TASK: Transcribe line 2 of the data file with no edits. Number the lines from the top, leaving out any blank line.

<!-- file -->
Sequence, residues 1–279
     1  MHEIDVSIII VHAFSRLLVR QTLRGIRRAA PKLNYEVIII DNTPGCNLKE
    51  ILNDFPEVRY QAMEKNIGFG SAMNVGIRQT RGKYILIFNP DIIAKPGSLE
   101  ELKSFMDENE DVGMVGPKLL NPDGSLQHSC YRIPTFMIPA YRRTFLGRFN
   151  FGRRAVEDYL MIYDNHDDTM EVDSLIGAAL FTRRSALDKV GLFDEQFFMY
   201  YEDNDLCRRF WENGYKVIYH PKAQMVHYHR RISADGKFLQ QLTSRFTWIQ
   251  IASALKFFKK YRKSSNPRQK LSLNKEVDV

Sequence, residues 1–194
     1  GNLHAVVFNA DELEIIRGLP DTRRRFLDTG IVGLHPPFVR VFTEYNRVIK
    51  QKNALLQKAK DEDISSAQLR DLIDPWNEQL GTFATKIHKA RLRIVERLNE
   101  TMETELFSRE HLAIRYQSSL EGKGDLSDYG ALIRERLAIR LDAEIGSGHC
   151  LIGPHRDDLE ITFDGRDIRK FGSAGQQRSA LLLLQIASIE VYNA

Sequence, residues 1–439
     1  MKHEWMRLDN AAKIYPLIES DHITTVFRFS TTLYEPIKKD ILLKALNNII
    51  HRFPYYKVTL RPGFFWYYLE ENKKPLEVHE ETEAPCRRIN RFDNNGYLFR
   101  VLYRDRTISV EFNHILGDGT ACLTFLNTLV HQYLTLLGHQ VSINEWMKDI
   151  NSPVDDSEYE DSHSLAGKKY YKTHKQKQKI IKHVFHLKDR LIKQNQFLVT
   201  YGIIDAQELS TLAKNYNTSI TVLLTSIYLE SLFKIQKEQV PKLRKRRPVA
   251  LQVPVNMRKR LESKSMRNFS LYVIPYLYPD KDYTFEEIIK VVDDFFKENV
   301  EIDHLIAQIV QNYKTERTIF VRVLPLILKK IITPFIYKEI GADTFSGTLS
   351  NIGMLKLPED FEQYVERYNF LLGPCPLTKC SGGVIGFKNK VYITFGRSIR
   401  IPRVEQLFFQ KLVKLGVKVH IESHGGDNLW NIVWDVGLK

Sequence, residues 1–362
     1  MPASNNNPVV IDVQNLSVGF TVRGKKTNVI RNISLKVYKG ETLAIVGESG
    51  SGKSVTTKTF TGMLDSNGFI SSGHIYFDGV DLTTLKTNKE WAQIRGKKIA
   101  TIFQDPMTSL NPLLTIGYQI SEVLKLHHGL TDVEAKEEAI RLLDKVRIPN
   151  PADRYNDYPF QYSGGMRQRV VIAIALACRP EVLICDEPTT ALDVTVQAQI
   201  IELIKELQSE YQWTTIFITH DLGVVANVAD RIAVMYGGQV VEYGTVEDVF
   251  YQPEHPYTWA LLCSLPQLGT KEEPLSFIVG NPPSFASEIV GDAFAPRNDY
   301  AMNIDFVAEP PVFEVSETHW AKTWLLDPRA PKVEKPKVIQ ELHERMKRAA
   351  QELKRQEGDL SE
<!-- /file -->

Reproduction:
     1  MHEIDVSIII VHAFSRLLVR QTLRGIRRAA PKLNYEVIII DNTPGCNLKE